Japan's Mt. Takao a great day trip if you live in Kanto Plain

View from Mt. Takao (Photos by Ichiro Katayanagi)
View from Mt. Takao (Photos by Ichiro Katayanagi)

Japan's Mt. Takao a great day trip if you live in Kanto Plain

by Ichiro Katayanagi
Stripes Japan

Editor’s Note: Please follow base guidelines when going out. These are uncertain times and places like Mount Takao tend to attract many visitors during peak season and peak days. Try a weekday hike instead, wear a face mask, maintain social distancing and proper hand washing methods.

In the Kanto Plain, one of the go-to places for hiking is Mt. Takao in Hachioji City. Every year, this peak draws over three million climbers and is even in the Michelin Green Guide Japan.

If you’re stationed anywhere in the Kanto Plain, getting there is a piece of cake. A short train ride from Camp Zama and Yokota Air Base is all it takes to get you to the foot of the mountain in Hachioji City.

It’s close to many of the bases, but it’s also popular with locals because it’s a relatively easy hike. It stands only 599 meters, and cable cars and chairlifts are available from the foothill to the mid-slope of the mountain. People of all ages come to enjoy hiking in this beautiful area. I climbed it during a one-day trip when I was a child, and it remains a good memory.

One windy but sunny day in November, I returned to Mt. Takao as compensation for my recent lack of exercise.  I arrived at Takaosanguchi Station about two hours after I left my home in Chiba by train. The station at the foot of the mountain has a cedar roof overhang designed by world-renowned architect Kengo Kuma in 2015, and it is artistic and impressive.


Takaosanguchi Station

I started on Trail No. 1 as suggested by one of the employees at the tourist information center inside Takaosanguchi Station. He said it was the most popular and suitable for enjoying the colorful autumn leaves.  The hiking trail was unexpectedly steep until halfway up the mountain and was paved with concrete, which seemed like it was not good for my knees.  Twenty minutes into my climb, I started to get sweaty and had to remove my jacket. The higher I climbed, however, the windier and cooler it got, so eventually my jacket and another shirt layer I brought came in handy.

As the tourist information employee suggested, Trail No. 1 was really climber friendly.  There were five restroom areas and restaurants and souvenir shops in several places along the way. The two causes of worry for climbers, empty stomach and restrooms, are solved.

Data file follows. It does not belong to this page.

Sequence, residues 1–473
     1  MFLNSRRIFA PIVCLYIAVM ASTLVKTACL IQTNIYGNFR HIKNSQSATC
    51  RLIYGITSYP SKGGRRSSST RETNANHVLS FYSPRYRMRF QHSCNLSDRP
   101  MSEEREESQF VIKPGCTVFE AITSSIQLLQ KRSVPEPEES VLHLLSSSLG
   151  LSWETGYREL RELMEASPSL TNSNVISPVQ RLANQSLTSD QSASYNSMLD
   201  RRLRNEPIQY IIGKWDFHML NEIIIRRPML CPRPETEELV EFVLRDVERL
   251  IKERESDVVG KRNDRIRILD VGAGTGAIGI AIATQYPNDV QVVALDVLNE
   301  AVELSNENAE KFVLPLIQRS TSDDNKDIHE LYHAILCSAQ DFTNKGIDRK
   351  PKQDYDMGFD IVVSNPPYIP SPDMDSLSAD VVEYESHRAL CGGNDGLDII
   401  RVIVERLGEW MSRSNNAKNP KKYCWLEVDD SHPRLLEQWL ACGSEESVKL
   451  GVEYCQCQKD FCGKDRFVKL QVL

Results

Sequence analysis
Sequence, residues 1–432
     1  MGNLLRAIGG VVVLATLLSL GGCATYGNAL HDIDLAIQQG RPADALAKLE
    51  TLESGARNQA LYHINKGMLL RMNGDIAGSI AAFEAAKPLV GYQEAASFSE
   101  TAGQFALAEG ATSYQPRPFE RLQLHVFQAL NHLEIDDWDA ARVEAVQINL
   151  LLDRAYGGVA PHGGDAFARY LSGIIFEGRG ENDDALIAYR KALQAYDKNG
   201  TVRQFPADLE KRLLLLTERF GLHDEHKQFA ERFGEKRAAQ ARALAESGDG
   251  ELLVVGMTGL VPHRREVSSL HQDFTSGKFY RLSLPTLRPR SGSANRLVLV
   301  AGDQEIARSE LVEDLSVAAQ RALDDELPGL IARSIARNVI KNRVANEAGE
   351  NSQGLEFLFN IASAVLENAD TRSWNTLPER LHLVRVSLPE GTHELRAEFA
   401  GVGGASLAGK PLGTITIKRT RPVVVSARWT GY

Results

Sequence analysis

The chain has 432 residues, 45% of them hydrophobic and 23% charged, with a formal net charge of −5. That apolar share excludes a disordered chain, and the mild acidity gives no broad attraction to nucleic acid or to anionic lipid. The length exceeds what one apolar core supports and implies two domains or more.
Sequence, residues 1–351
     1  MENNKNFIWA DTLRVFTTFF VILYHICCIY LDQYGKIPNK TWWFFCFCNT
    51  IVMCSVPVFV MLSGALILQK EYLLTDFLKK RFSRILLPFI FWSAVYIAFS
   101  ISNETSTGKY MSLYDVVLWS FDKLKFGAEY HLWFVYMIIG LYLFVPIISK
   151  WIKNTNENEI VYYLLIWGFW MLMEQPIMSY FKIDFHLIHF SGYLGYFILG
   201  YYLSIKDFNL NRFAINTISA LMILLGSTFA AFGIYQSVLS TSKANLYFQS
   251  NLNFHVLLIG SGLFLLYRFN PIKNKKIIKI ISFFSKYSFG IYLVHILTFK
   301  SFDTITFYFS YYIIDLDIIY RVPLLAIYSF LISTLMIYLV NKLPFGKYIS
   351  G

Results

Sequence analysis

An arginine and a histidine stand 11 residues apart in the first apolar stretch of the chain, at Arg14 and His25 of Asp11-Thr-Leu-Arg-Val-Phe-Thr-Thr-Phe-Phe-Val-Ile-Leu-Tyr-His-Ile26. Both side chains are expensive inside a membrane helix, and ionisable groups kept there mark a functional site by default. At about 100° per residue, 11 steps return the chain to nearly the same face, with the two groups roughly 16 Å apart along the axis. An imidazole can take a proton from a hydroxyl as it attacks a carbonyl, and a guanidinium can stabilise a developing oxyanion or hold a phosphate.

Many of the shops sold the same type of toasted dumpling, so I decided to stop at Kissakobou Ichifuku, a booth near Yakuoin Temple, to one a try.  The dumpling was crisp on the outside thanks to the charcoal fire it was toasted over, but still soft and chewy on the inside. It was glazed with a flavorful walnut miso sauce, making it a great treat to give me a boost of energy and some warmth on the cool climb up.

It took me nearly 2 hours to reach the summit. For the most part, the summit was flat, and I noticed many of the climbers were drinking to commemorate making it to the top.  I saw some people in high heels and others had a stroller, which made me wonder how they were able to climb. The summit offered views of cities such as Hachioji and Sagamihara on one side, and Tanzawa Mountains and Mt. Fuji on the other.

Though it was a short hike, I was still tired. I decided that I’d had enough physical exertion and would instead take the cable car or chairlift down. Unfortunately, everyone else had the same idea and the platforms had long lines for the lifts down. I gave up and took the trail back down. The steep paved trail was difficult to walk down, so it was really more like a run down.

There were more than 20 restaurants and gift shops on the foothill near the beginning of the trail.  About half of the restaurants were for soba, or buckwheat noodles. I chose Mugitoro Tsutaya simply because the food samples outside the restaurant looked good. I ordered chicken nanban soba, or buckwheat noodles in broth with roasted chicken. This dish was made with local ingredients and the noodles were cooked al dente and to perfection. The chicken fat on the surface of the broth made it hard to cool, so it was enough to warm my cold body.

My second visit to Takao was a good one. It was easy to get to and easy to climb. Anybody can enjoy climbing without qualms, and the beautiful views and food await you. Next time, I want to a try a different trail for a different side of the mountain.

Katayanagi.Ichiro@stripes.com

Takao Tozan Railway
URL: https://www.takaotozan.co.jp

Mugitoro Tsutaya
Location: 2466 Takaomachi, Hachioji City, Tokyo
Hours: 11 a.m. – 5 p.m. (Monday closed. Closed at 4 p.m. on weekdays in winter)
TEL: 042-661-2427

Kissakobou Ichifuku
Location: 2177 Takaomachi, Hachioji City, Tokyo (in the precincts of Yakuoin Temple)
Hours: 10:30 a.m. – 3 p.m. (may extend depending on seasons)
TEL: 042-661-1115

Yakuoin Temple
Location: 2177 Takaomachi, Hachioji City, Tokyo
TEL: 042-661-1115 (Reception hours: 9 a.m. - 4 p.m.)
URL: https://www.takaosan.or.jp/english/

Mt. Takao Magazine
URL: https://en.mttakaomagazine.com
This website is run by Bondesign Inc., a web production company on the foothill of Mt. Takao.
Well-made website about Mt. Takao.

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